Mt. Gillion Baptist Church in Arcola, Louisiana

Original Bell
One of the oldest church in Arcola, Louisiana, is Mt. Gillion Baptist Church.  It was organized on June 1,1895 by Rev. Robert Vernon and Deacons; W.M. Smith, S.E. Longs and Clerk; C. Lampkin. Anthony said that he could remember two men by the name of Mr. Tate and Mr. Lott ringing the church bell with someone passed away in the community.

I'm going to call Rev. Johnny Milton to see if I could get the history of the church. The history of the church can tell you a lot, especially if your family members attended a church in community. Its alway good to look to the church for your family history as well.
I very familiar with the Vernon history and now I would like to know about the deacons of the church. Anthony said that the bell is the original bell. Although no one rings the bell anymore.

Church cornerstones are important as well. The names of the organizers and founders can be found on them. In this case it list the name of the deacons. I can imagine before they bricked the church it was a wood building with wood pews and hardwood floors. "Who knows!" I maybe able to find a picture of the church before they bricked it. The earlier churches was wooden. I remember the church I attend a child was a wooden white church.

Mt. Gillion Baptist Church Cornerstone
I didn't see a cemetery behind the church at all. "Where did they buried their members?" Anthony said that his mother is buried in Big Zion cemetery, Roseland, Louisiana.  Come to think of it, it was the only church that I saw back off in that community. One day I hope that I can document the history of all the churches in Roseland, Amite, Fluker and Kentwood, Louisiana. Some of these churches serve as a one room school for the African American children in the late 1800s and early 1900s. Some may even have records of the early years.

Its up to us to record and document our own history and heritage. Each one of these communities has such rich history that it would be terrible not to record and document it. I hope others will open up and share their family history, photographs and documents so that I can record and document it.

Old Milk Dairies in Arcola, Louisiana

Old Milk Dairy owned by Mook Tillman 
Today I decided to turn down a road off Hwy 51, in Arcola, Louisiana. My curiosity had got the best of me and I wanted to see if I could find any old buildings and talk with anyone who was sitting on their front porch on this beautiful sunny day.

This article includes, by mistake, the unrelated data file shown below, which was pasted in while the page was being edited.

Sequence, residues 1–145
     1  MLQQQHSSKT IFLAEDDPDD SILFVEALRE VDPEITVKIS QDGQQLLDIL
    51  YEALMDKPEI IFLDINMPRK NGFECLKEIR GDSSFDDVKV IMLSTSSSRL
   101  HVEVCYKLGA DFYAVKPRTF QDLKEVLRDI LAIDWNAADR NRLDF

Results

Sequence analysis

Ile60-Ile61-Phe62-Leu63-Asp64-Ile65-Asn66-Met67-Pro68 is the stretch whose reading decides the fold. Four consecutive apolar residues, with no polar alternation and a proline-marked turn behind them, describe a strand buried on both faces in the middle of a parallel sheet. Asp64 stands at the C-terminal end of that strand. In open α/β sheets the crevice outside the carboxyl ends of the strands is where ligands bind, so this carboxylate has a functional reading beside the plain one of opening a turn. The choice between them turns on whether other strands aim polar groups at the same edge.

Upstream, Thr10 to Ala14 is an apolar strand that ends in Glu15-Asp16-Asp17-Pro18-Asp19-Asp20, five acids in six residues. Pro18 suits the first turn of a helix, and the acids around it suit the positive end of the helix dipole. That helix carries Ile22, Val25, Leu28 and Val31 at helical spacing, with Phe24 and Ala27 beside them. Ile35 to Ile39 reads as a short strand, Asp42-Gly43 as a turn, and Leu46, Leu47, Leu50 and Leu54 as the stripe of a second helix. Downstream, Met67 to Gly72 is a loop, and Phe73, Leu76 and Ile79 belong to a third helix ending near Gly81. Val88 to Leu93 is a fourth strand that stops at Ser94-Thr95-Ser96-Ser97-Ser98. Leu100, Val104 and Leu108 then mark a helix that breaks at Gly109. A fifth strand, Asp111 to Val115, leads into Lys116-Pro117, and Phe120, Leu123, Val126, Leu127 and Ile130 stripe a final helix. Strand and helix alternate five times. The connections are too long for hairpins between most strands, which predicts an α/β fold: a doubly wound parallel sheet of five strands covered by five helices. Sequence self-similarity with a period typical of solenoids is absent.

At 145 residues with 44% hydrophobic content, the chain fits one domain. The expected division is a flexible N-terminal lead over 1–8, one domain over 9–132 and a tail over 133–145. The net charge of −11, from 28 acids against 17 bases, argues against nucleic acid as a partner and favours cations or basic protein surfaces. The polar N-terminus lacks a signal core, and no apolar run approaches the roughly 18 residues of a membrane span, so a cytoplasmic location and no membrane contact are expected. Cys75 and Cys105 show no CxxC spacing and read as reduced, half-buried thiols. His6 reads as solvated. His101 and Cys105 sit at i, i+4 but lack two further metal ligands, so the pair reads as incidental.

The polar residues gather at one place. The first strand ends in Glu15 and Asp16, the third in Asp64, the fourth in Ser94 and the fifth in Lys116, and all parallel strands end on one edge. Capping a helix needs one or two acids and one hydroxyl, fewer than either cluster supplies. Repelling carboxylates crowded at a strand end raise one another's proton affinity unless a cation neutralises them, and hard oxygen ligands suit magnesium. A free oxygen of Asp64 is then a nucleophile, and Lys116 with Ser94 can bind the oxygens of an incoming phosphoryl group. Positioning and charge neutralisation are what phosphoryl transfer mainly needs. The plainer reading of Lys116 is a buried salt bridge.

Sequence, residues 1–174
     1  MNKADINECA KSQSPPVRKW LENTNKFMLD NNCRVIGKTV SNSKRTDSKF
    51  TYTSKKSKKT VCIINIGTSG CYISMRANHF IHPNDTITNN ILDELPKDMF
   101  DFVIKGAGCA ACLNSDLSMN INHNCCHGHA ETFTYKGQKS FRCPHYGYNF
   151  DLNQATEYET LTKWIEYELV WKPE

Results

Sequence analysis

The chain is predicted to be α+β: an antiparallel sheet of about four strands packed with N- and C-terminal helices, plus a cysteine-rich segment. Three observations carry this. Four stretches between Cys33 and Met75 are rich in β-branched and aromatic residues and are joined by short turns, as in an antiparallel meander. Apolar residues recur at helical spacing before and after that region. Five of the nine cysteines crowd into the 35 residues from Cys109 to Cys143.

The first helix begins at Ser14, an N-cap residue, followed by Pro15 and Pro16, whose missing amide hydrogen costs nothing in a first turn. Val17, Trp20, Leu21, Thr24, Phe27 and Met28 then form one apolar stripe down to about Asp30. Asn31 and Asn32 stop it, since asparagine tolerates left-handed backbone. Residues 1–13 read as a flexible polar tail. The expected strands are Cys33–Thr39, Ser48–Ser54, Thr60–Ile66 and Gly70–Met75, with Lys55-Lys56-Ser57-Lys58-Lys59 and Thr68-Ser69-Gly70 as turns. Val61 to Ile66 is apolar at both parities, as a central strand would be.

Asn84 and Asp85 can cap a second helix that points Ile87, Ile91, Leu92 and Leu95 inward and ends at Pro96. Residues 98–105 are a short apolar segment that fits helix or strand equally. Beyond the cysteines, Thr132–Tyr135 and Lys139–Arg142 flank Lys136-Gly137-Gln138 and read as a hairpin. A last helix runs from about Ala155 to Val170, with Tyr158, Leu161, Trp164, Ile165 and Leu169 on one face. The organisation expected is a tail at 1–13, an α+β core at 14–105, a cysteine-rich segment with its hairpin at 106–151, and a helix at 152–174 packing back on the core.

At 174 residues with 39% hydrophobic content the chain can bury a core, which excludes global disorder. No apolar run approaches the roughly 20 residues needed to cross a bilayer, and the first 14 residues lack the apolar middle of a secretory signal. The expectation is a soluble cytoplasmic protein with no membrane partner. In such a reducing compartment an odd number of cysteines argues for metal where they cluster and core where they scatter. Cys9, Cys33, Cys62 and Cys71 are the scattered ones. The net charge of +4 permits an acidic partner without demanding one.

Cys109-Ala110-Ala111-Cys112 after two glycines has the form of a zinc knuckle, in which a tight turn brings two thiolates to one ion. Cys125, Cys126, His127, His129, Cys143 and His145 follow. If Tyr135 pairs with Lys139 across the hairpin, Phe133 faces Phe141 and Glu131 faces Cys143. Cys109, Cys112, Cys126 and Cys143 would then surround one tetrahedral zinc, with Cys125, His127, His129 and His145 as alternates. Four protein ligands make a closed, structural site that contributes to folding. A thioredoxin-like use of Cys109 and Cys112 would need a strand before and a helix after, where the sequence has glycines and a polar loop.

As usual I just pull up and start talking to people as if I have been knowing them all my life. I saw this man walking to his house and I pulled into his driveway and introduce myself and then I asked him about the old building down the road from him. He thought I was talking about the old milk dairy. He said I'll get in my truck and follow you back there so you can show me which building you're talking about.

After he saw the building he decided to show me several old milk dairies in the area. One was owned by an old black man by the name of Moots Tillman. Mr. Tillman was married to Louise.  The Arcola community had many milk dairies, he could recall only one being owned by and African American man. As we drove around the area he pointed out some of the larger dairy farms and horse ranches. I found the land in Arcola to be beautiful and woody. It is somewhat hilly, with tall pine trees. Most of the people who live in the community is related and they're living on land that had been in the family for several generations.

Old Milk Dairy-Photo Credit: Antoinette Harrell
"Some dairy farmers wasn't milking with machine at that time, they were milking by hand," said Anthony. He said that he remember some of the people who owned the dairies. "A lot of the old folks have die off and their descendants was living on the properties, "he said.

Anthony used to milked cows for a man named Bob Kirby. He said that after the cows were milked the dairy owners would set the milk containers out and the truck would come by and pick them up.  Milking cows wasn't the occupation for Anthony, so that job was short lived. I'm so happy that he shared what history he could recall about old dairy farms in Arcola. Like the history of sawmills and timber companies, milk dairies provided jobs for the local people who lived in the surrounding area. I was just as happy to see some of the old building still standing. Some of them are falling apart, but for the most part many of them are still standing.

Saturday, January 3, 2015

The Kimble Family of Tangipahoa Parish, Louisiana

Left: Maxine Kimble
Right: Frances Catherine Kimble-Miller
I was contacted by Evanjalyn El'luminatya Davis who has family ties in Tangipahoa Parish, Louisiana., She wanted to share a family photograph of her grandfather's sisters. His two sisters were Maxine Kimble Frances Catherine Kimble-Miller of Hammond and Independence, Louisiana. Their parents were Walter Kimble and Jane Battie Kimble. Walter's parents were Isaac and Nancy who lived in Tangipahoa Parish. Walter was married to Jane (Jennie), he was first married to a woman named Caroline.

Evanjalyn spoke of her eighty-years old uncle Joe's love for family history. Her uncle Joe discuss and shares the Kimble family history every at every opportunity he get. Like all families, some family members want to hear the history and to others, its not that important. But for her uncle Joe, he will continue to pass the family history to family members like Evanjalyn.

Allen Y. Kimble took the African Ancestry DNA test to find out where in Africa their family came from. Their paternal genetic African Ancestry matches with the Bubi people living in Bioko, Island.

Like most African American people that have the burning quest to learn more about their own family history, the Kimble family are still looking to reconnect with long lost family members. If you are a Kimble and are looking for your ancestors that has roots in Tangipahoa Parish, Louisiana. Please email me at